4.3. Embedding Process

(E1) Apply the PWLCM on the watermark image to get the shuffled watermark image using (1).

(E2) Perform the SVD on the shuffled watermark image as follows:

(E3) Obtain the watermark principal component by multiplying matrices and :

Let be the principal component in pixel position , where .

(E4) Apply the redistributed image normalization process on the cover image () to obtain the normalized cover image RI and use the flag to keep the transpose record.

(E5) Perform 1-level DWT on the normalized cover image RI of size to obtain four subbands each of size :

(E6) Divide the subband into several nonoverlapping blocks of size . Let denote an image block at position , where . The block size is chosen as .

(E7) Apply SVD for each image block to get the largest singular value :where and . The watermark principal component is embedded into the host image by modifying the largest singular value.

(E8) Embed the watermark principal component into the largest singular value of host image for each image block using the following formula:where denotes the distorted largest singular value in image block and is the scaling factor that is determined by (19).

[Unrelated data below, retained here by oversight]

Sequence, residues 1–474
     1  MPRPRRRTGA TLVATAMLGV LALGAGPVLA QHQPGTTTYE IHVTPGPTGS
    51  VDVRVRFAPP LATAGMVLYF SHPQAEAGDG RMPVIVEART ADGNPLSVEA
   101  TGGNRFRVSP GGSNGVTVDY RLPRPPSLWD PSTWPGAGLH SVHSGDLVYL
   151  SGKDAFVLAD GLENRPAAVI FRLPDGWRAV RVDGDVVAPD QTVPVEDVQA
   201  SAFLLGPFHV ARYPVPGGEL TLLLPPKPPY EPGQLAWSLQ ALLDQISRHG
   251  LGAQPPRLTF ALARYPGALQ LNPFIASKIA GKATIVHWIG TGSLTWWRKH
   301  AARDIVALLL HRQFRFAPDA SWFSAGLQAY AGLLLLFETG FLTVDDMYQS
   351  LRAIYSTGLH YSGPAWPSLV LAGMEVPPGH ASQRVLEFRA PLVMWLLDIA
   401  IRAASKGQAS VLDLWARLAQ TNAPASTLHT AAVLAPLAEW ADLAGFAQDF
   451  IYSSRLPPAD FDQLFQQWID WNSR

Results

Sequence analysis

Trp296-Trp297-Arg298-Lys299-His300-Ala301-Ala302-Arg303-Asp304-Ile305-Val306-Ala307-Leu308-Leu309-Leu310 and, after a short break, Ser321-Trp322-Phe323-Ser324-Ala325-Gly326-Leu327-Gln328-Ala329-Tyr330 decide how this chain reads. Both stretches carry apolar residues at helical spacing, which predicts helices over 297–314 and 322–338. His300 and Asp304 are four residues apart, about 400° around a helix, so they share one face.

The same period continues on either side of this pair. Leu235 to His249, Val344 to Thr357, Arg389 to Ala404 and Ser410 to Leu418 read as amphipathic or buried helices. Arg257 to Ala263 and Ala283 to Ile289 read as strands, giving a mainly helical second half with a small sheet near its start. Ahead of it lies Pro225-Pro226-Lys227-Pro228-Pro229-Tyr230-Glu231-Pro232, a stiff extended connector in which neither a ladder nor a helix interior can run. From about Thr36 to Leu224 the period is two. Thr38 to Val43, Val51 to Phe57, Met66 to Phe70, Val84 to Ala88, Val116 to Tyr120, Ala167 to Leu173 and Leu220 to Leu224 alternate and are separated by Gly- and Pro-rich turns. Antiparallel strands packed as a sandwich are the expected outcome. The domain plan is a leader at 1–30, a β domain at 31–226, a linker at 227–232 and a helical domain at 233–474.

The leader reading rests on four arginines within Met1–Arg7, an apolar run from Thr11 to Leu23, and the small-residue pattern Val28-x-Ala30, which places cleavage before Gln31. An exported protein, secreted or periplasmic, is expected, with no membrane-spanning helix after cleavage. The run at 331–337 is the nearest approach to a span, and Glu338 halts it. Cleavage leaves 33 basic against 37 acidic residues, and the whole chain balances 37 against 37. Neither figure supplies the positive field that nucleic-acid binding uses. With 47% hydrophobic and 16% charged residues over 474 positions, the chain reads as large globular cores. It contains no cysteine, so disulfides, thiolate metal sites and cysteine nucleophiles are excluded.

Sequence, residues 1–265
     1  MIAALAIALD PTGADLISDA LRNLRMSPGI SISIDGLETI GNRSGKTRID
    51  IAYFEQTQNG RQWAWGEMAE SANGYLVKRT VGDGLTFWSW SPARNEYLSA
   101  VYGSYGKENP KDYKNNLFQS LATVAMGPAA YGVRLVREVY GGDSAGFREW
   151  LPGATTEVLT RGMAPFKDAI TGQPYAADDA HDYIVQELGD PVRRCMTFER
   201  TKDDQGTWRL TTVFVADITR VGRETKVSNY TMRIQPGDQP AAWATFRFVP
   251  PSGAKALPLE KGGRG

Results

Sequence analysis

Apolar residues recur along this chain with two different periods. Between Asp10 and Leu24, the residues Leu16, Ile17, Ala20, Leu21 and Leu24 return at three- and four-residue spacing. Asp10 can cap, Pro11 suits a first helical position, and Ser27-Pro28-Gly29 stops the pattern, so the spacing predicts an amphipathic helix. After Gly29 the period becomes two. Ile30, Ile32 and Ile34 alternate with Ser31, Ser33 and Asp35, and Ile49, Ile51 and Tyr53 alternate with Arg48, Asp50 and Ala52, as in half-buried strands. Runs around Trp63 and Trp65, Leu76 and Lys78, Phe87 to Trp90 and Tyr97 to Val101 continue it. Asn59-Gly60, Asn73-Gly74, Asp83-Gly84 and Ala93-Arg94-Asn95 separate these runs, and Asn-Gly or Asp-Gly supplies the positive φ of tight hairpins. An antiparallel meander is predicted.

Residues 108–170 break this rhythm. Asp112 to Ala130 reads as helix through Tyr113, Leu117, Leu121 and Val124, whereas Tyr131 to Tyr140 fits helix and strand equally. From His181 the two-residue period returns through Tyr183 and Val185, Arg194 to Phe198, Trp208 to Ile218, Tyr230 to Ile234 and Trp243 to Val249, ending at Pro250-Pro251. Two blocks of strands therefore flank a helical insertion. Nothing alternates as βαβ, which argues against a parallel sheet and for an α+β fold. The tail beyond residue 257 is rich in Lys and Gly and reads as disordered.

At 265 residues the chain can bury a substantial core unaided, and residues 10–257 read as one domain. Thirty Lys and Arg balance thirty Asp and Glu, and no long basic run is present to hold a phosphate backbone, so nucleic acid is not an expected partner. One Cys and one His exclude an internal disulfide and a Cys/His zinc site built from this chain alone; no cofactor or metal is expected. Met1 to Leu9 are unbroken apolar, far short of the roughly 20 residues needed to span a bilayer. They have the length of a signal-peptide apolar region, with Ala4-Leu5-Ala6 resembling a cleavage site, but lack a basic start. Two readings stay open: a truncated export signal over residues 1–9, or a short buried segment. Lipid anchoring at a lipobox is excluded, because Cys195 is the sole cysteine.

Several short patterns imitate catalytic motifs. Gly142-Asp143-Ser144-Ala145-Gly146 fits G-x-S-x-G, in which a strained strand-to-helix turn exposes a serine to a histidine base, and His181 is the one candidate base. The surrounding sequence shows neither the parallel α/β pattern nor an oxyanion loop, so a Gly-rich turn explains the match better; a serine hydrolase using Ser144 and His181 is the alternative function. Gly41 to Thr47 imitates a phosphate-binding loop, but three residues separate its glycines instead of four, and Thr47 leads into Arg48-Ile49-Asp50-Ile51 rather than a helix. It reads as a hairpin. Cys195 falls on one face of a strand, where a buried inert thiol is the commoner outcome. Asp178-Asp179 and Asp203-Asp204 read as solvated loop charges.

(E9) Perform inverse SVD on each image block aswhere for .

(E10) Obtain the distorted subband image as

(E11) Perform 1-level inverse DWT on wavelet subbands replacing subband by as

(E12) Apply the inverse redistributed image normalization process on the image obtained in step (E9) to obtain the watermarked image . Now, we have to decide depending on the flag whether a transpose is required or not. The normalization step is done depending on flag (E4) and fresh calculation of , , , and values is not required. Finally, redistribute the modified to get the watermarked image.

4.4. Extraction Process

The watermarked image is subjected to various distortions. If is distorted watermarked image, then a possibly corrupted watermark can be extracted by performing the following steps.

(X1) Apply the redistributed image normalization process on the distorted watermarked image to obtain the normalized image .

(X2) Apply 1-level DWT on the possibly corrupted watermarked image as

(X3) Divide the subband into several nonoverlapping image blocks of size which are denoted as , where .

(X4) Apply the SVD for each image block to get the largest singular value :

(X5) Obtain corrupted principal component aswhere is the scaling factor given in (19).

(X6) Obtain the extracted watermark as

(X7) Apply the PWLCM on extracted watermark to get the embedded watermark.

5. Results and Discussions